Accordingly, disposing a programmable surface control device in accordance with the present invention within the walls of a microchannel can function to control fluid flow within the microchannel and, as a result, fluid flow within a microfluidic system that includes the microchannel. In one exemplary embodiment of the invention, the formation of a silver electrodeposit on a germanium selenide-silver glass may produce a contact angle change that is typically larger than 10 degrees thereby producing a microchannel liquid valving effect.

3. Microlens Control

Programmable surface control devices of the present invention may also be used to create a liquid microlens. Liquid droplets can function as excellent natural lenses and can be used for a wide variety of temporary imaging and/or focusing/coupling applications. The shape of a liquid microlens is typically determined by the liquid used and the hydrophobicity of the surface upon which the liquid is disposed. Since the presence of an electrodeposit at the surface of a solid electrolyte solution layer of a programmable surface control device can significantly change the contact angle of liquid droplets disposed on the surface, the shape of the liquid droplets can be manipulated by the presence of the electrodeposit. Therefore, since the hydrophobicity of the surface of the programmable surface control device can be altered electrically, a liquid microlens with an electrically controllable shape and focal length can be created.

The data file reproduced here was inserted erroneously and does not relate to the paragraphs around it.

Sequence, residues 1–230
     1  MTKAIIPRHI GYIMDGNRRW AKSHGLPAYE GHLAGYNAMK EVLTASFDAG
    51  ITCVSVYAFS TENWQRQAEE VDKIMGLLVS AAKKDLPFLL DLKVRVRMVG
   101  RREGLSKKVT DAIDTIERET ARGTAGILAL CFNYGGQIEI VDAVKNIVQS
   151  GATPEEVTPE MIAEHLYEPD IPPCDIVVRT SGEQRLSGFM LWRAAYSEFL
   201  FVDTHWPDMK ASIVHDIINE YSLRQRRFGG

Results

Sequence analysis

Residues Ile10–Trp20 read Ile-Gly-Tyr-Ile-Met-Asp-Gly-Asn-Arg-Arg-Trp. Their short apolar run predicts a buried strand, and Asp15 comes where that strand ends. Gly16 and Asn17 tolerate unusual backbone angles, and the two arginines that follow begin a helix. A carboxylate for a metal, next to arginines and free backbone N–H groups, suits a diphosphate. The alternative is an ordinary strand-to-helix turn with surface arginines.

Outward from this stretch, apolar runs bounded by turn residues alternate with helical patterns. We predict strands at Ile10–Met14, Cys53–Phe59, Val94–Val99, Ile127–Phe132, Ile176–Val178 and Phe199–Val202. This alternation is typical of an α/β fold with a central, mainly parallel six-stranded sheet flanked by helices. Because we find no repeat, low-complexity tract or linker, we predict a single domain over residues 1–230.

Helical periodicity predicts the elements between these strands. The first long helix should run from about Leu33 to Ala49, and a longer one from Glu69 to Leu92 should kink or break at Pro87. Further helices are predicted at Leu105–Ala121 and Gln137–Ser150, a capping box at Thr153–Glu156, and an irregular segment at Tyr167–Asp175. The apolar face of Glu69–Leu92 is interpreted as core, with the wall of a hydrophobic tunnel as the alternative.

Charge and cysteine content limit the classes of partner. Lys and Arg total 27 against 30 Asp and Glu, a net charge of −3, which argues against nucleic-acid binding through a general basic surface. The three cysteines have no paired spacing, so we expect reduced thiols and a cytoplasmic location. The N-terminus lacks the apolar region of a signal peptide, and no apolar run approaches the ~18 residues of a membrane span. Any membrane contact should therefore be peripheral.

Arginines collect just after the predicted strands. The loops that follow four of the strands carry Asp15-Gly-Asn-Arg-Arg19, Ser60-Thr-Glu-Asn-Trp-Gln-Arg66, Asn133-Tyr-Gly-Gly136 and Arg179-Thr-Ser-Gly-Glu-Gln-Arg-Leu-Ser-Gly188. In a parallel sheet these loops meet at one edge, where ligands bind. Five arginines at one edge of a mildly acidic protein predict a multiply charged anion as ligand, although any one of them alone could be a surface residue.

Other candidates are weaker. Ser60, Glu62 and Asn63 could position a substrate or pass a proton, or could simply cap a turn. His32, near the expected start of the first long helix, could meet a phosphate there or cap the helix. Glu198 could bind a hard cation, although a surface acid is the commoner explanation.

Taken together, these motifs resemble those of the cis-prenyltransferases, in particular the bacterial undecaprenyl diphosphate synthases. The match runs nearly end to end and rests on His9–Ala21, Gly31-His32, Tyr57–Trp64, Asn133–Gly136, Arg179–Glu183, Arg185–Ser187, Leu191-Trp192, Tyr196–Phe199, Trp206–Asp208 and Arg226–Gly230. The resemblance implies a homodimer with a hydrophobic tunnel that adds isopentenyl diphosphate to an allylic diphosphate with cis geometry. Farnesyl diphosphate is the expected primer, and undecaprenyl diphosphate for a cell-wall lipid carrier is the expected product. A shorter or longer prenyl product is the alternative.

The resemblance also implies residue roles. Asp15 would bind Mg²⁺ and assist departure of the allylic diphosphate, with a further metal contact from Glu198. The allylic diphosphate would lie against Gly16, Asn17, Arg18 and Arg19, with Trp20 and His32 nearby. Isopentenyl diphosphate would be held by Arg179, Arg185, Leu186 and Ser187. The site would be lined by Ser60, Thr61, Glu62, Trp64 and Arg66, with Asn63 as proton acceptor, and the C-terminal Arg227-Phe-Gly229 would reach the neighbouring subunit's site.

An exemplary embodiment of such a device 305 is shown in FIGS. 7 and 8. Device 305 includes a pair of electrodes 310 and 320 formed on a surface of a solid electrolyte solution layer 330 which may comprise a chalcogenide glass containing a dissolved metal. A liquid droplet 350 is disposed on the surface of layer 330 of device 305. By applying a voltage to electrodes 310 and 320 of device 305, the shape of liquid droplet 350 can be manipulated to provide a desired shape and focal length as shown in FIG. 8. When voltage is applied to electrodes 310 and 320 and a sufficient bias is achieved, an electrodeposit 340 is formed across the surface of layer 330 between electrodes 310 and 320. Electrodeposit 340 makes the surface of layer 330 more hydrophobic thereby altering the shape and focal length of liquid droplet 350.